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The loneliness of the long distance runner…

‘’All I know is that you’ve got to run, running without knowing why, through fields and woods. And the winning post’s no end, even though the barmy crowds might be cheering themselves daft. That’s what the loneliness of a long distance runner feels like.” Colin Smith, The Loneliness of the Long Distance Runner”

What makes us run through fields and woods, across towns and cities? Why have I decided to run across countries and eventually across the world?

By stripping everything back to its simplest form: running, fuelling, sleeping, you see life much more clearly. With all the daily distractions and choices removed, your mind finds a calmness that’s often hard to reach. There is a purity in all of this simplicity, much like the purity in minimalism I suppose. Running helps me to find freedom, real freedom. I’m venturing further, running over multiple days, carrying everything I need to survive, because it gives me freedom from the trappings of consumerism I’ve spent most of my life building. Until recently, I’ve built my world with far too much focus on what I own instead of on who I am. I’ve worked hard and played hard, that’s the way it works.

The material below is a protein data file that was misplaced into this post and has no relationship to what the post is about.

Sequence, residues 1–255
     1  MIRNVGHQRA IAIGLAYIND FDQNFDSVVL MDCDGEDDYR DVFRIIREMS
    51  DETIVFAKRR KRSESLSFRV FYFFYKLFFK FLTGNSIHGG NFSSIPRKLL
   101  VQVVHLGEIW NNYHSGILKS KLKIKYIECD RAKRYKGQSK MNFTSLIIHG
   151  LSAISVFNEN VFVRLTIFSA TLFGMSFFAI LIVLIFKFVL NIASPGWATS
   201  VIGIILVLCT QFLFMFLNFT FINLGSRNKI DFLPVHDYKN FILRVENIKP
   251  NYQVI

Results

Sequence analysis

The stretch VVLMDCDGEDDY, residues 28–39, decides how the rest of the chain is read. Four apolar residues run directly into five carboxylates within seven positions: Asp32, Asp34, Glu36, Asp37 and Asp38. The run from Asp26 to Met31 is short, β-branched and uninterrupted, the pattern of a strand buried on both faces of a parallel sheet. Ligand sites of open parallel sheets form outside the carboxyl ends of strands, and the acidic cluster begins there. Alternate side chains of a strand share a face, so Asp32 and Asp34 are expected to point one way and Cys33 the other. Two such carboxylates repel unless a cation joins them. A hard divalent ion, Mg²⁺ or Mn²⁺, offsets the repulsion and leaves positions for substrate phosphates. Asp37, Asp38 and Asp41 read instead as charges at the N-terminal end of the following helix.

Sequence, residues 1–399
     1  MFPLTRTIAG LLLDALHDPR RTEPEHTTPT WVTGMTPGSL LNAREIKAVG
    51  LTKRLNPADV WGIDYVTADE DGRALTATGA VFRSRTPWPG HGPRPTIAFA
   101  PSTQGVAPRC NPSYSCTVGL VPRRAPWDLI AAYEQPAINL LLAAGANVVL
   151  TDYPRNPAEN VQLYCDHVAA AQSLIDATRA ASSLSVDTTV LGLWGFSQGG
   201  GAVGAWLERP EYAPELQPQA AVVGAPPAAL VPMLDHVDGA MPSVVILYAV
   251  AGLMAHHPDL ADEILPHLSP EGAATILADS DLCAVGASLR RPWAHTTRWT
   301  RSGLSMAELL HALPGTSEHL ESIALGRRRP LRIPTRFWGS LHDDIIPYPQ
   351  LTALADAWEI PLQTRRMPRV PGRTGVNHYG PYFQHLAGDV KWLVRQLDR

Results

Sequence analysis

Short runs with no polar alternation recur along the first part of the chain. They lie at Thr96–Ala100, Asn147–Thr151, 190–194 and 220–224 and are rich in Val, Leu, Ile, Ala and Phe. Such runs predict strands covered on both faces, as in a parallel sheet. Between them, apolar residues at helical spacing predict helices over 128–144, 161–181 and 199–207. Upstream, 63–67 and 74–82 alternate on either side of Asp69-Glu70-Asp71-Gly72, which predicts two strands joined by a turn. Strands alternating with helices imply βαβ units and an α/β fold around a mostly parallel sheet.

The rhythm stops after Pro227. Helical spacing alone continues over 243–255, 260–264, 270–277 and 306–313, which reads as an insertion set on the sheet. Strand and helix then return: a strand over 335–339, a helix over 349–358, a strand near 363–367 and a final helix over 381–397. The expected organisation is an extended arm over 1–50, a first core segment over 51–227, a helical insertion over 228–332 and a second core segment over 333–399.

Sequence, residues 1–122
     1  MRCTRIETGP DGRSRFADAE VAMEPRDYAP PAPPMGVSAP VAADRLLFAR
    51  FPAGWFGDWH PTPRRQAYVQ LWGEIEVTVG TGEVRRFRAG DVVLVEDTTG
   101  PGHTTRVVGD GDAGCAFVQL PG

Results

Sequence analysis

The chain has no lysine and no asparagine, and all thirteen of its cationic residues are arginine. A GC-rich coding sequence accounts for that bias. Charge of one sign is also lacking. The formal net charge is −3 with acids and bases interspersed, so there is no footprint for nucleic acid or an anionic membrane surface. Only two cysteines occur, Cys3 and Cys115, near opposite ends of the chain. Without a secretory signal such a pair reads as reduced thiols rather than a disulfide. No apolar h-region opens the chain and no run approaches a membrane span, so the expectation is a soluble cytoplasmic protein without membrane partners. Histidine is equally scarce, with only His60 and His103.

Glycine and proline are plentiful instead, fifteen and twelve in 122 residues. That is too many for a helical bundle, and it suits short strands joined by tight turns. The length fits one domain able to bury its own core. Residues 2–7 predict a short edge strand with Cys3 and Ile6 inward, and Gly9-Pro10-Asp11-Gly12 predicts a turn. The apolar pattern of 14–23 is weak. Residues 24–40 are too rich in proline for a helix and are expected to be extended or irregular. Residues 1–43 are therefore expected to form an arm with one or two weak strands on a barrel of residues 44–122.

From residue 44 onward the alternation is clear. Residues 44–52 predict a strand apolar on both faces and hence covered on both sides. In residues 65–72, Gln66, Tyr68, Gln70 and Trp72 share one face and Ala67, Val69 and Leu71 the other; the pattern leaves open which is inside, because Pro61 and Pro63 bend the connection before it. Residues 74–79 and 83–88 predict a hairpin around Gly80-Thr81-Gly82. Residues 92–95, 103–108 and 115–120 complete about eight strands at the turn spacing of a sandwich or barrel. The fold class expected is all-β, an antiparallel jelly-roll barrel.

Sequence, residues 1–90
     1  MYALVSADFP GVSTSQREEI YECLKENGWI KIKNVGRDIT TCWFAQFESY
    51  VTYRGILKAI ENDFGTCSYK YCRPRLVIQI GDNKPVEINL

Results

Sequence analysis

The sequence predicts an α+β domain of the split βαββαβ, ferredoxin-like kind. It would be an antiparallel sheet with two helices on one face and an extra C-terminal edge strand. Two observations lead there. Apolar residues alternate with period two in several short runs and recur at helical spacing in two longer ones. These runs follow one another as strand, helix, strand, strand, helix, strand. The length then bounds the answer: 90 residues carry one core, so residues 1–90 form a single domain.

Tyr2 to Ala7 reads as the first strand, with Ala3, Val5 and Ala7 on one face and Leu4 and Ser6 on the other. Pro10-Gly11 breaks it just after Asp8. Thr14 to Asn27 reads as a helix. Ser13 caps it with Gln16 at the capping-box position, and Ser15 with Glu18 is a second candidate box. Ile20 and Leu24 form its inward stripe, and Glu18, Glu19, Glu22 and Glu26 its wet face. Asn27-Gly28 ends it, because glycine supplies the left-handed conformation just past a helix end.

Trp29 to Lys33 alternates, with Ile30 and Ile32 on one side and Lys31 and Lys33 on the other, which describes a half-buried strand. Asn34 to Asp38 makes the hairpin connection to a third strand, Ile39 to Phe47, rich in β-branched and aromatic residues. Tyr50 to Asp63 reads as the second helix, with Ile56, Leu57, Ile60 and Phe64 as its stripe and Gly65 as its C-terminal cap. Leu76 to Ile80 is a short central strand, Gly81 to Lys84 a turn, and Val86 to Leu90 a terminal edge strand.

There is another way, and part of that for me is running. It’s not about winning, or medals, my most enjoyable runs have been ones where I’ve been alone. Running allows me to simplify my life, to focus on each foot landing as softly as possible on the ground; my shoulders relaxed, facing forwards; my core strong as I lean, letting gravity help me move forwards.

As I run, purposefully, from Leeds, through the Netherlands and Germany to Essen, I will be completely alone, but I won’t be lonely.

Running 300 kilometres, carrying my food, clothes and essentials, will allow me to leave behind the excesses, in favour of focusing on what’s important – so I can find happiness, fulfilment and freedom. The self sufficiency and minimalism of the whole experience is hugely attractive. There will be heavenly and hellish emotional and physical extremes of course, but the constant will be run, eat, sleep. Perfect.

I know that whatever happens, when I arrive in Essen at the end of the run, I will have a clarity of mind than I don’t have today – simplifying life brings huge rewards. I cant wait!

I'd love to hear about your running adventures, 1 mile or 100 miles!

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